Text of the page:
I'm not sure if this question has already been answered/discussed, but here it goes:
A friend and I are starting a permaculture/Buddhist community in central VT on a remote 13 acre parcel I purchased a couple years ago. The property had a well established maple forest. (Its still about 30% forested). I had most of these large trees harvested so I could pay off the debt associated with the land purchase.
I've been soaking up ideas about permaculture for a couple years now, and I just keep getting more and more excited and thrilled about it. I've always had more of a greasy (tinkerers) thumb, than a green thumb, but I am learning a lot.
What I plan to do, is use the existing maple and oak stumps to be the base of many hugelkulture beds. I plan to stack cut up tree tops around the base and then use my backhoe to dig around the area and cover these piles with soil. I then plan to cover these beds with a compost wood-chip mulch (such as was demonstrated in the "Back to Eden" film) and plant immediately with natives, traditional vegetables, herbs... lots of diverse growies. The mulch blanket cover will hopefully mitigate any pH imbalances, and over time enhance the soil fertility. It already seems to have very fertile soil because the forest was maybe 75 to 100 years old, and the land was likely never farmed because of the ledge in the area.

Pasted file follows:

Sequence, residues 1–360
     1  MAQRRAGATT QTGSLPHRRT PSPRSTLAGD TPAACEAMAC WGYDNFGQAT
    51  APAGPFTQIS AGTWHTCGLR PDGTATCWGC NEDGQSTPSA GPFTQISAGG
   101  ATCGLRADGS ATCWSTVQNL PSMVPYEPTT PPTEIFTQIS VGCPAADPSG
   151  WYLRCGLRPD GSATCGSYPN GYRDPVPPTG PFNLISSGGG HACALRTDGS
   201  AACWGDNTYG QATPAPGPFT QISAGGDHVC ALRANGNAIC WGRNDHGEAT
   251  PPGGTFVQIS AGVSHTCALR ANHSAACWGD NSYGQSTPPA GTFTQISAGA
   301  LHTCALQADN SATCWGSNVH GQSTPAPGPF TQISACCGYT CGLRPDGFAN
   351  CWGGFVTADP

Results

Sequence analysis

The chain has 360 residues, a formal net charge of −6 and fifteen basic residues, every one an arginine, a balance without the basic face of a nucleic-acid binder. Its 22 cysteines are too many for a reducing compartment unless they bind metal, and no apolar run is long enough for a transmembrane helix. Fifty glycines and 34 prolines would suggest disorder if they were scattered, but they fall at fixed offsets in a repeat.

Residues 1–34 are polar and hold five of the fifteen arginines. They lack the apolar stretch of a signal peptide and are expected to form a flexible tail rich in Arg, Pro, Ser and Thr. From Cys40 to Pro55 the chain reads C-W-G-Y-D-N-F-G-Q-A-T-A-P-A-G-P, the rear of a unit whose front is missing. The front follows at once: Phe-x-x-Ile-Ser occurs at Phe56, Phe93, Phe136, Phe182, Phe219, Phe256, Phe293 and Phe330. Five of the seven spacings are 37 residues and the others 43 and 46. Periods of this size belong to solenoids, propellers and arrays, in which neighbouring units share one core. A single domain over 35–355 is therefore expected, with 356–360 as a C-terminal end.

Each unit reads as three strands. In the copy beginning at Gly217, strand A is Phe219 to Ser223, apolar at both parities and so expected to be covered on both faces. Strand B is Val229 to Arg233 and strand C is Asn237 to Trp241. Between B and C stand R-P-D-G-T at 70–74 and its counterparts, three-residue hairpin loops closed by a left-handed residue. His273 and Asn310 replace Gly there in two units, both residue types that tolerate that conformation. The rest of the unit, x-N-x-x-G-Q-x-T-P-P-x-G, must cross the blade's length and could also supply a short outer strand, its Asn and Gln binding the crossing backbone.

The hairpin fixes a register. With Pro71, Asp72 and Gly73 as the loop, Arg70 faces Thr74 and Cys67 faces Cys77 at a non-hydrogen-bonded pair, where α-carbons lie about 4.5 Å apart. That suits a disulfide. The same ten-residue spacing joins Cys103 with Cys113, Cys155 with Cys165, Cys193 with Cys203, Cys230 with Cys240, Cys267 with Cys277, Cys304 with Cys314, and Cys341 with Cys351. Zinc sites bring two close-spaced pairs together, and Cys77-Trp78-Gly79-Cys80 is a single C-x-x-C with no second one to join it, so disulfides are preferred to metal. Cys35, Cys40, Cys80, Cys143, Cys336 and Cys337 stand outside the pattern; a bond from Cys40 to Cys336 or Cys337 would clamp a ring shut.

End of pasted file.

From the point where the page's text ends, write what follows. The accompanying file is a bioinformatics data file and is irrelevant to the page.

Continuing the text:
My question is: will this work? Am I making any type I errors with this design? Should I test the soil for pH first and add lyme before making the beds?
Has anyone put old sheet rock into the beds to mitigate low pH? Any other advice?
Thanks in advance for your help.
p.s. I've been installing and designing solarhot water systems for the past 7 years so if you have any questions regarding that, I may be able to help.
We have lots of ledge too. Your land was probably cleared 100+ years ago during the big sheep period. If you are on a slope put in lots of swales. Possibly combined with hugelkulture. I recommend checking out Ben Falk's permaculture farm -Morrisville I think. I went on a $10 tour I found out about through NOFA-VT.
The biggest obstacle for me is there are soooooo many trees! We had some logging done 6 years ago and we're opening up some patches when we get firewood but still... This year I'll try girdling some trees. The non-productive/dense canopy trees. I'd keep oaks for the acorns. Maybe Hickorys. Get rid of Beech - too dense.
The 2nd biggest obstacle is getting rid of the Japanese Barberry & Honeysuckle. The cows & sheep have helped with that.
My project thread Agriculture collects solar energy two-dimensionally; but silviculture collects it three dimensionally.
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